It was mid-August 1981 and I had just completed my third year as a
counselor at The Citadel Summer Camp for Boys. I had only left
Charleston three weeks ago, and now I was returning to report for my
knob year. Mama drove me down with my footlocker packed. I had to
audition for Regimental Band, but conventional wisdom said if you
had even been near a musical instrument sometime in your life, you
got put in Band Company.
I auditioned and was made bass drummer for the Big “Q”. Mama and
I ate together in the mess hall with all the other Band Company
aspirants. After lunch, we said goodbye. It was the second time in
my life I ever saw her cry.
I cried too.
I took solace in the fact that I was in familiar territory having been on
The Citadel campus since I was twelve. I felt it to be an intimate and
friendly place. Then I met my 1st Sgt., Dave Branton, and found out
how wrong I was!
That first night, I unpacked my belongings. Then at midnight, the
cadre forced us to change rooms and roommates, re-packing and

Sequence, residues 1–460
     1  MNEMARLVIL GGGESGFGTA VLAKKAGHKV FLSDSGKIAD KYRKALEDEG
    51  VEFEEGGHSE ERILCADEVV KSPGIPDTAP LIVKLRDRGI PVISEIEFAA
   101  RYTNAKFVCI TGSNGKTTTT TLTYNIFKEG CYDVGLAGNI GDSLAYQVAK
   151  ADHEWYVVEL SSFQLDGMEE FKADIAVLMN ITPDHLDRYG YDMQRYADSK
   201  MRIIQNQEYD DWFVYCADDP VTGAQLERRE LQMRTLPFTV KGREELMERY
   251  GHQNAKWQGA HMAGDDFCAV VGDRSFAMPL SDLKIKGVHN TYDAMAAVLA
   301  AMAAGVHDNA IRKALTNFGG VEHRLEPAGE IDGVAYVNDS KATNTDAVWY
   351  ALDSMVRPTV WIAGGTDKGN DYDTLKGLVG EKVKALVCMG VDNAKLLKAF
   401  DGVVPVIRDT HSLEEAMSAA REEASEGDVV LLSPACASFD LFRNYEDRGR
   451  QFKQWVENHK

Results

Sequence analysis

unpacking again. As I settled in with my second roommate, Allen
Blume, the door burst open close to two in the morning and the
upperclassmen forced us to move again. The third time being the
proverbial charm, I met Les Williams, my permanent roomie for the
remainder of knob year.
But the tone was set. From Hell Night through Recognition Day, fear,
uncertainty, insecurity, and terror reigned supreme. By the end of the
first week, a third of our freshmen class had quit. By year’s end, our
original numbers were down by half. But for those of us who gutted
it out—Les, Allen, Ken Sigmon, Russ Mease, Pete Lawrence, Ken
Riddle, Jay Strickland, Dave Eubanks, Jimmy Bowen, et al—we are
friends, blood brothers, soulmates all.
Not too shabby for a mama’s
boy from Rock Hill.